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A famous atheist passed into eternity just before Christmas.1 Known for a life of contradictions and ironies, Christopher Hitchens, author of God Is Not Great, alternated between being caustic and disarmingly polite. (He displayed the latter attitude when he toured Answers in Genesis’s Creation Museum in 2010.)
For instance, this leftist thinker supported America’s 2003 war against Iraq, but his position had less to do with a political conversion than antipathy toward monotheistic religions, especially extremist elements of Islam. He again displayed his unpredictability when, as a secular humanist, he accepted that human life begins at conception.
Hitchens fancied himself an intellectual crusader against ignorance and evil, at least as he saw them. Most often, he brought his acerbic wit to bear on the religious beliefs of others who believed in God. Yet despite his professed antagonism toward religion, he had a few Christian friends, including—after reconciling—his brother Peter, a well-known Christian writer in England.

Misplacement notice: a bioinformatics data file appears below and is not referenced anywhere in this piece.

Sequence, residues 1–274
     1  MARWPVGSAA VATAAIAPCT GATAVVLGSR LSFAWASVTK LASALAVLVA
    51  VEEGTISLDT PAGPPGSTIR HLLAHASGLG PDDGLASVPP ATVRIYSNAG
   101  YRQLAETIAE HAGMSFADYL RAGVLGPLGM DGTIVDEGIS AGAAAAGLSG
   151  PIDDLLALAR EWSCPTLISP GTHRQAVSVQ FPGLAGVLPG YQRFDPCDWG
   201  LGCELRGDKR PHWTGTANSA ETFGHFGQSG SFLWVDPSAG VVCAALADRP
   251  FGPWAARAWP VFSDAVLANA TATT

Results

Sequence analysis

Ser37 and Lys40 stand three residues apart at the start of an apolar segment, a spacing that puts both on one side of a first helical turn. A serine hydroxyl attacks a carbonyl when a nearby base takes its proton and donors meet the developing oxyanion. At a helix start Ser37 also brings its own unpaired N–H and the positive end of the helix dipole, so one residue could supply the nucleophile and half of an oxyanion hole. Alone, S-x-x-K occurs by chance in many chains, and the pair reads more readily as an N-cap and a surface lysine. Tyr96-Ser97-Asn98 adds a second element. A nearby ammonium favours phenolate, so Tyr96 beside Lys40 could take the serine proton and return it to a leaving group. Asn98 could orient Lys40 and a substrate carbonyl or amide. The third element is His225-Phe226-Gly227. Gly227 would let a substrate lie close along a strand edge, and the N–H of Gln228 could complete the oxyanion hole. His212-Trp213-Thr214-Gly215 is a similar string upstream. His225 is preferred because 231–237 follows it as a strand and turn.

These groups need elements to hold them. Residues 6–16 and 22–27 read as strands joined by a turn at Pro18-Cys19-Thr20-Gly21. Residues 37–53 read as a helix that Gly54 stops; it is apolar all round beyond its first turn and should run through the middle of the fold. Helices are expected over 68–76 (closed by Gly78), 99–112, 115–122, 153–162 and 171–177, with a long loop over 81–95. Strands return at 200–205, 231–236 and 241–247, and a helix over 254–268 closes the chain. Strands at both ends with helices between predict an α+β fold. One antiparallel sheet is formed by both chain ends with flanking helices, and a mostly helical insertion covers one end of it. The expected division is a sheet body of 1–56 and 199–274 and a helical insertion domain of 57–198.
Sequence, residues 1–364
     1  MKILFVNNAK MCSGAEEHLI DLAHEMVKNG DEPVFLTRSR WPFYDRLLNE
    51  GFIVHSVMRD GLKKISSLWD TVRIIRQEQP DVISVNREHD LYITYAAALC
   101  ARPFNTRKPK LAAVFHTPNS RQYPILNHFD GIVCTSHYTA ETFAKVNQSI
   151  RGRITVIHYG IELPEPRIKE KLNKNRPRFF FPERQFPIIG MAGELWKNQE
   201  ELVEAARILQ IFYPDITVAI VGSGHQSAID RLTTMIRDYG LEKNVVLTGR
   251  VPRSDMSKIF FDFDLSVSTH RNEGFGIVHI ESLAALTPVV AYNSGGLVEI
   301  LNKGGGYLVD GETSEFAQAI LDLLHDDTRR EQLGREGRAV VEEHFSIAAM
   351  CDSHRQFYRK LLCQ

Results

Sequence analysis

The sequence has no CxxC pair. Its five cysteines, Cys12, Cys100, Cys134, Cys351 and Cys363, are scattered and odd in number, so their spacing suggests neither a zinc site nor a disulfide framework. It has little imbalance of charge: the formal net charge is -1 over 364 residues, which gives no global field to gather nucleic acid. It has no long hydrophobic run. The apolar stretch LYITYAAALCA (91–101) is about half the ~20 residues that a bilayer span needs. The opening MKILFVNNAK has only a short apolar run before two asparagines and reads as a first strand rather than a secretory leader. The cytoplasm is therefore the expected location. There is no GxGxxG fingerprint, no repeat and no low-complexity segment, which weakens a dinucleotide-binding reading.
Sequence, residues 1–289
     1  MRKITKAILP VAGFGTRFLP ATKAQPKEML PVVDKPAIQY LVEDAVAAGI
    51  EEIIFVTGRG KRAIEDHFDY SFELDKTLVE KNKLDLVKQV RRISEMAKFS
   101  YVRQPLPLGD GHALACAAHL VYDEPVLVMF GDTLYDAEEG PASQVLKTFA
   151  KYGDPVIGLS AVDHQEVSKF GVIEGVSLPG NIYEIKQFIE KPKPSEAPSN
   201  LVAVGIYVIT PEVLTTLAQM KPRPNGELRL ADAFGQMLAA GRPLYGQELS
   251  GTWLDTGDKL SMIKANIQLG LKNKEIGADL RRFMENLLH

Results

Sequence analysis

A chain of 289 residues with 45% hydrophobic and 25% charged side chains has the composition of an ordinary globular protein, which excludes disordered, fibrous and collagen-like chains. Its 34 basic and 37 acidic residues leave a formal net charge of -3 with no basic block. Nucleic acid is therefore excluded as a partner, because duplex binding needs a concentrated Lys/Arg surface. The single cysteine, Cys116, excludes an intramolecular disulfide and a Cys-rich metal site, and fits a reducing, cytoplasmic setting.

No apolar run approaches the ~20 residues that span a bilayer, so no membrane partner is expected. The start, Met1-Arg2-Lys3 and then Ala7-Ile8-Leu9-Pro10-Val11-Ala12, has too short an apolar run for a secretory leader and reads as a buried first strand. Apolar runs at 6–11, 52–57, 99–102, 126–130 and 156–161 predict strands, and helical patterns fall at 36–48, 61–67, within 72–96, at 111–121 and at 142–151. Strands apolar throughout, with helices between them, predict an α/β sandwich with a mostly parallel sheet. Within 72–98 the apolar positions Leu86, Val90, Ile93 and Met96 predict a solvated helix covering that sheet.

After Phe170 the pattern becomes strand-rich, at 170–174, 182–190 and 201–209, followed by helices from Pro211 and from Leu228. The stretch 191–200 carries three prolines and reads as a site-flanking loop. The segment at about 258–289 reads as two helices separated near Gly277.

Despite his passion to fight evil and promote truth, he had no absolute standard for morality or truth other than the high view he placed on his own intellect. Atheists may label actions as good or evil, but a universe without a Creator—and a Creator-given conscience—has no solid foundation for defining morality. There can be no absolute standard without the One who gives such standards.
Sadly, this man of contradictions never acknowledged the inconsistencies in his thinking, as far as is known. Hitchens remained defiant of His Creator and His revealed “word of truth” (2 Timothy 2:15).